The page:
Roche acquires biotech firm Inflazome for $449m

21 September 2020 (Last Updated October 1st, 2020 06:44)

Roche has completed a share purchase agreement to acquire Irish biotech firm Inflazome for an upfront payment of $449m (€380m).

Roche acquires biotech firm Inflazome for $449m
Roche plans to further develop Inflazome’s NLRP3 inhibitors. Credit: F. Hoffmann-La Roche Ltd.

Roche has completed a share purchase agreement to acquire Irish biotech firm Inflazome for an upfront payment of $449m (€380m).

Under the deal, Inflazome’s shareholders are eligible for additional milestone payments.

Founded in 2016, Inflazome focuses on inflammasome inhibitors, led by medical researchers professor Matt Cooper from University of Queensland, Australia and professor Luke O’Neill from Trinity College Dublin, Ireland.

The firm is developing orally available NLRP3 inflammasome inhibitors to treat clinically unmet needs across various inflammatory diseases.

Involved in the generation of pro-inflammatory cytokines IL-1β, IL-18, activated NLRP3 stimulates uncontrolled, lytic cell death, driving several chronic inflammatory conditions.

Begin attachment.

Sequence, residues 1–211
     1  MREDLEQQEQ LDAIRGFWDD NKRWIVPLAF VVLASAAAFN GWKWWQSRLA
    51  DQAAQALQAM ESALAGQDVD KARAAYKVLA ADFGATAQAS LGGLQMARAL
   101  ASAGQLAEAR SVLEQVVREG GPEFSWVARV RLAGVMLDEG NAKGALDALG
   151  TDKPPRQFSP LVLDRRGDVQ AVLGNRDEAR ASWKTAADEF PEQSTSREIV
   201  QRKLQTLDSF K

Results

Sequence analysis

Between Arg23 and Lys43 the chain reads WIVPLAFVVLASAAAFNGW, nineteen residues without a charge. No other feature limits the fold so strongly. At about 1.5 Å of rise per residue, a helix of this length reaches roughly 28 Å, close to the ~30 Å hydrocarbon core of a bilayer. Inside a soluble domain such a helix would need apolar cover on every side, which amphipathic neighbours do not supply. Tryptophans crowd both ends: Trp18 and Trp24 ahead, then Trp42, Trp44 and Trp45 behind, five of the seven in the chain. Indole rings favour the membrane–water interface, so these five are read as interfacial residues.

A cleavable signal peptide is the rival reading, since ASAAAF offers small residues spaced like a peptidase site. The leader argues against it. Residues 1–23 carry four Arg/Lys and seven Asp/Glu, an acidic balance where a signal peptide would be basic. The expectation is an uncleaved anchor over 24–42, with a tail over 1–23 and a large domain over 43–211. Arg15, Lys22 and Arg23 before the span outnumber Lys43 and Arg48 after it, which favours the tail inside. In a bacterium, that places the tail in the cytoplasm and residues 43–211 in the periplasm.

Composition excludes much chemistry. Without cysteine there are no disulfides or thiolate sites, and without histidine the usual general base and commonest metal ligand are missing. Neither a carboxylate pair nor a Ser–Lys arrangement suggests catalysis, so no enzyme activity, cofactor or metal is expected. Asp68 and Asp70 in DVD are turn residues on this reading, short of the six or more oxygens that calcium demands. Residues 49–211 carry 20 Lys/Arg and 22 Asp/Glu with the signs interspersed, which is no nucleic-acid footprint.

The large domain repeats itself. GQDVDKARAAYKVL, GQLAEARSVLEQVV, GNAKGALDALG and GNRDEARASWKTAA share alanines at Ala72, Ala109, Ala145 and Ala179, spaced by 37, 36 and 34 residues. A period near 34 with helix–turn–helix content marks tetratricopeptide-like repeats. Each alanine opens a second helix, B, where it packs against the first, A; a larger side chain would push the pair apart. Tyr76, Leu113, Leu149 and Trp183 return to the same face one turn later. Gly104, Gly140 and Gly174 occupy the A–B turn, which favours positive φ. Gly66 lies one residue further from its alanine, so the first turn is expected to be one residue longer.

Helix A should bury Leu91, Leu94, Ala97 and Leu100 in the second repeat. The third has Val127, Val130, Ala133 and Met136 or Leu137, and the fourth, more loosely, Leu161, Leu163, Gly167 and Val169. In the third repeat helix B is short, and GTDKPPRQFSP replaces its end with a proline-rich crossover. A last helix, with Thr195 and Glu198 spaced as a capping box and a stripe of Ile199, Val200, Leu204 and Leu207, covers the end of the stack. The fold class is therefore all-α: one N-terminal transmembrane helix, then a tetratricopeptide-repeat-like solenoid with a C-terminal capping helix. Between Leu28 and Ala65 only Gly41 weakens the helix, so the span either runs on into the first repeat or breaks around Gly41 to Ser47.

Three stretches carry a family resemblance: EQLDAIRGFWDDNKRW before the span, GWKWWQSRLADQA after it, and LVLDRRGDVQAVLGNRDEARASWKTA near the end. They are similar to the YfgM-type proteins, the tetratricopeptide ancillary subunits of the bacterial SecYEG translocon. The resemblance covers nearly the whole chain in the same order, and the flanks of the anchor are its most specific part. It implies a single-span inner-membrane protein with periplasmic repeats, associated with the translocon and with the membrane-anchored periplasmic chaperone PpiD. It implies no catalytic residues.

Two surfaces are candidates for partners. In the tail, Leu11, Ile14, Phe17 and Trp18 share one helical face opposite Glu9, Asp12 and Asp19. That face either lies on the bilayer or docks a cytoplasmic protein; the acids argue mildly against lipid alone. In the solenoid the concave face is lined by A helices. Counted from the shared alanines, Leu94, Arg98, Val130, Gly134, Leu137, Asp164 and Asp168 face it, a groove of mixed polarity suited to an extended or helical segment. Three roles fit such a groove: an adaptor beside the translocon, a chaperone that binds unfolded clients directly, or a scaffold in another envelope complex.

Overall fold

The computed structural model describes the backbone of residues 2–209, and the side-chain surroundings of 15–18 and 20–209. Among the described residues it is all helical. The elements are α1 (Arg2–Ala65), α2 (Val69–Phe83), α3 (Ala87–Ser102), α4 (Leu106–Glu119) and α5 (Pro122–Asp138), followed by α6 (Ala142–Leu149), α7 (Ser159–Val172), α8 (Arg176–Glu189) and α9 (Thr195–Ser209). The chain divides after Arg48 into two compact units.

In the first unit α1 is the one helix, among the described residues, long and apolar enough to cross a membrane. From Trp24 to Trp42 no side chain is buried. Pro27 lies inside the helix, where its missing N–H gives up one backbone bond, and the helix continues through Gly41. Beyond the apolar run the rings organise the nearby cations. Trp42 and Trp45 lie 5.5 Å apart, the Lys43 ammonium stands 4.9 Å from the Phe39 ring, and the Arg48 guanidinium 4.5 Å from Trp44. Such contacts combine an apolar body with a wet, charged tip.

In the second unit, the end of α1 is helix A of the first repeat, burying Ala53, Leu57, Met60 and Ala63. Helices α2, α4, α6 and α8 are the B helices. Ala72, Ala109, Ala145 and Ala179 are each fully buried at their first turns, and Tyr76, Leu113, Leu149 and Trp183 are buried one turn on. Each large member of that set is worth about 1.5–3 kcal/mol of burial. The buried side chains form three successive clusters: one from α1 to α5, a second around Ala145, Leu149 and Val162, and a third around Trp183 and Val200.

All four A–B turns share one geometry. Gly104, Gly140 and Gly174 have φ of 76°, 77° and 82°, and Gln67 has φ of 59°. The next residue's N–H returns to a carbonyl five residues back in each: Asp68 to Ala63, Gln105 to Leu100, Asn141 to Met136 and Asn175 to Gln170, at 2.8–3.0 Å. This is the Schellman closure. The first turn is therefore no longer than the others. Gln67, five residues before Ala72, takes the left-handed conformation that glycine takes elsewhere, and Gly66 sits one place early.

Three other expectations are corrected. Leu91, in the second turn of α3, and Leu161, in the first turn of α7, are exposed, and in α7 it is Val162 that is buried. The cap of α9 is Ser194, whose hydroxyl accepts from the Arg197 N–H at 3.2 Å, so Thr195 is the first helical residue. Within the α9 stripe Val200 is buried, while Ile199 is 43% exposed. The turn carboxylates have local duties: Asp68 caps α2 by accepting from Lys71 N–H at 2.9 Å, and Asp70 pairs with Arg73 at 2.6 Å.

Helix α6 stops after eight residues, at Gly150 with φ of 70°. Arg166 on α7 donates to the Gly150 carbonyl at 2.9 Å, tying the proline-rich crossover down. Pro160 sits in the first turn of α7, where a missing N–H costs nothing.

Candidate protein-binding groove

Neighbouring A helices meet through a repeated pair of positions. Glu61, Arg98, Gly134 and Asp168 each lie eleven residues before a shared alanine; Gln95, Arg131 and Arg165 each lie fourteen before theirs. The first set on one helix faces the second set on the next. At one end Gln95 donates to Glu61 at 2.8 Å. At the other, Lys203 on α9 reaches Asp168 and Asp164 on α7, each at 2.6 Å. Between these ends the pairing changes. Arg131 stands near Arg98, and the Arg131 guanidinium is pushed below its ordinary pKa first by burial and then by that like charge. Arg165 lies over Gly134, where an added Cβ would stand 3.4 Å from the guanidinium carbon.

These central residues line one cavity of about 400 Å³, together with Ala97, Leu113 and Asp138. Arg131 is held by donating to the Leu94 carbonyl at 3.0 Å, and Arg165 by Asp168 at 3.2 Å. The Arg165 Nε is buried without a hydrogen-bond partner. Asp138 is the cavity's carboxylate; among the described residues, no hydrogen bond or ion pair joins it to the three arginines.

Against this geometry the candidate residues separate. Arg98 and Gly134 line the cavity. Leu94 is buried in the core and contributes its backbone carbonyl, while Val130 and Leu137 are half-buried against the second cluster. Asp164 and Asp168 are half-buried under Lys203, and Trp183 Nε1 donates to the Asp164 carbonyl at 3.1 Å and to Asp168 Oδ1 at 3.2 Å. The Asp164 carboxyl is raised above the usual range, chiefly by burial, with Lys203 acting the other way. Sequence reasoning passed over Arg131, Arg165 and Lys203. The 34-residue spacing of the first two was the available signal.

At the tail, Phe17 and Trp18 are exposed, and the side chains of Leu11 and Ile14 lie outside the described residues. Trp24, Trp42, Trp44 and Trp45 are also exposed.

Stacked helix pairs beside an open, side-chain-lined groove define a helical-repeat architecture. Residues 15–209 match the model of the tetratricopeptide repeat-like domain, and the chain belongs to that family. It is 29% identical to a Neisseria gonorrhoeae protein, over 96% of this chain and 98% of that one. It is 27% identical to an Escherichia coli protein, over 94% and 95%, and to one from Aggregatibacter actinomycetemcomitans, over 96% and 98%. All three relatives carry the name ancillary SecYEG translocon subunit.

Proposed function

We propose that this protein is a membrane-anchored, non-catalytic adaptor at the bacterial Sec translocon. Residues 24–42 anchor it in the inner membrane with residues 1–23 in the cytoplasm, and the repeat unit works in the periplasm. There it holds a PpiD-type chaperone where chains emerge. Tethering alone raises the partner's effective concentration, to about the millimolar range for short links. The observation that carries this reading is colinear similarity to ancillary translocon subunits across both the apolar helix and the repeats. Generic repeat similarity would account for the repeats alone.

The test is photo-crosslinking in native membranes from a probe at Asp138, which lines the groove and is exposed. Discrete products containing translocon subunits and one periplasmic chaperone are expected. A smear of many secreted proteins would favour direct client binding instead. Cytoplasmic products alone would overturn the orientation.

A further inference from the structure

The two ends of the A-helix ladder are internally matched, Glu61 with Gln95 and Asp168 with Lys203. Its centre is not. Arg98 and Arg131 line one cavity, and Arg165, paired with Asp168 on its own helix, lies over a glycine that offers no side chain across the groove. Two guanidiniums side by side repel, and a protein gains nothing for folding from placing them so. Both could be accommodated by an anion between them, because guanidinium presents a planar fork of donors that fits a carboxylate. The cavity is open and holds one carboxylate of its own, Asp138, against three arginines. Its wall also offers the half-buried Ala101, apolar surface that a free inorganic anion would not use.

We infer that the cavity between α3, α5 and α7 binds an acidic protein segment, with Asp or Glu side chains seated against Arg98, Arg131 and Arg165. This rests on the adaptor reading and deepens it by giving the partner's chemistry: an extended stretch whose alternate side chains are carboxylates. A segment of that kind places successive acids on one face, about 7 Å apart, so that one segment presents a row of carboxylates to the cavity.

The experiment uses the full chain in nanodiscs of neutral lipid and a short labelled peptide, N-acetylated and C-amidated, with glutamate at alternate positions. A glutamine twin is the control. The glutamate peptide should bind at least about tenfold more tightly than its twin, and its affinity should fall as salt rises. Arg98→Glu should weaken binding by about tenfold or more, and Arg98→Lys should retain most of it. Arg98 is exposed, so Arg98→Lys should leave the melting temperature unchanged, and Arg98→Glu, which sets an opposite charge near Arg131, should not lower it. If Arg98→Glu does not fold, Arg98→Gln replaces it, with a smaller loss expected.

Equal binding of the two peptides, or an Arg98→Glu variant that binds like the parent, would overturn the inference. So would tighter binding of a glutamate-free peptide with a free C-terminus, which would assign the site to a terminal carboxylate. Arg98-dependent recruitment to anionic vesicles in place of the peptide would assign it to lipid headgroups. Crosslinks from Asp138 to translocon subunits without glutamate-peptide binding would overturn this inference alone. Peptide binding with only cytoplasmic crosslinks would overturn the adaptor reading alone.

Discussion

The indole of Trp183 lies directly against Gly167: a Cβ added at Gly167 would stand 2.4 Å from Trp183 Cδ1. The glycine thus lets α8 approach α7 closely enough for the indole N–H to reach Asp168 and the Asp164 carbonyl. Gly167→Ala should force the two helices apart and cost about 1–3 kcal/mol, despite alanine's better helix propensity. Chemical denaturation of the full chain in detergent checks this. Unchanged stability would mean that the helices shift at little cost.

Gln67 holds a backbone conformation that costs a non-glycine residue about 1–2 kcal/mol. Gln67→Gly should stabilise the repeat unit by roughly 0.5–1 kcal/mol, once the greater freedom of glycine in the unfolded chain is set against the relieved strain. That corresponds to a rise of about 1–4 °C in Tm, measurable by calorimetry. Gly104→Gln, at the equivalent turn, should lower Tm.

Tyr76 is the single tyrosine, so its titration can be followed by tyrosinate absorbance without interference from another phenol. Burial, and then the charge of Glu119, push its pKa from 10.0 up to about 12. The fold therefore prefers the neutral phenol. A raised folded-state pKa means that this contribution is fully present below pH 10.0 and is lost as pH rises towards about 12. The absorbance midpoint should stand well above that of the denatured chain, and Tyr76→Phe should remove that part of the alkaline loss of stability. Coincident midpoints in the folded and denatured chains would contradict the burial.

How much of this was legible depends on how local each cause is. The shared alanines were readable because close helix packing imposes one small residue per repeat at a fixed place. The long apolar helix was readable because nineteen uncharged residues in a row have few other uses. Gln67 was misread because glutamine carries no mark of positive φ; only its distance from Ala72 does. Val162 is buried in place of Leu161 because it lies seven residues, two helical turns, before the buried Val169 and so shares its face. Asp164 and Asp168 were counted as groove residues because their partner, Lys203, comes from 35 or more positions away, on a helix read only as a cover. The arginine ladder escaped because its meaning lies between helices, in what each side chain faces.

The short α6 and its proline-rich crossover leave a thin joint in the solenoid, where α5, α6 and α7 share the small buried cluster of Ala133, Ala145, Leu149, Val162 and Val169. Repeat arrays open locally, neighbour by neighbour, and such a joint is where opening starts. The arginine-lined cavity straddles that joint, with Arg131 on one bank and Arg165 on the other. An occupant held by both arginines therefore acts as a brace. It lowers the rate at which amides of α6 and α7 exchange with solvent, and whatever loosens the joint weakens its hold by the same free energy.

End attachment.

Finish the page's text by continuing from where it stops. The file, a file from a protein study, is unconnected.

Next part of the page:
Inflazome is working on drugs to target inflammasomes associated with Parkinson’s disease, Alzheimer’s disease, asthma, inflammatory bowel disease and arthritis, among other chronic inflammatory diseases.

The firm’s portfolio includes orally available small molecule NLRP3 inhibitors. Lead molecules already completed Phase I human trials and multiple early-stage programmes, said Inflazome.

Through the acquisition, Roche will gain complete rights to Inflazome’s portfolio of clinical and preclinical NLRP3 inhibitors. The company is planning to develop the NLRP3 inhibitors in a range of indications.

Inflazome CEO Matt Cooper said: “We are delighted to close this deal with Roche, an outstanding pharmaceutical company with a broad commitment to multiple indications.

“With Inflazome now part of the Roche organisation, Inflazome’s pioneering molecules are well-positioned to be developed quickly and effectively so they can help patients suffering from debilitating diseases.”

In July, Roche and its unit Genentech entered an agreement with Belgian company UCB to develop and commercialise an antibody treatment for Alzheimer’s disease.

Under the deal, UCB agreed to provide Roche and Genentech with an exclusive licence to develop and commercialise the drug candidate, UCB0107.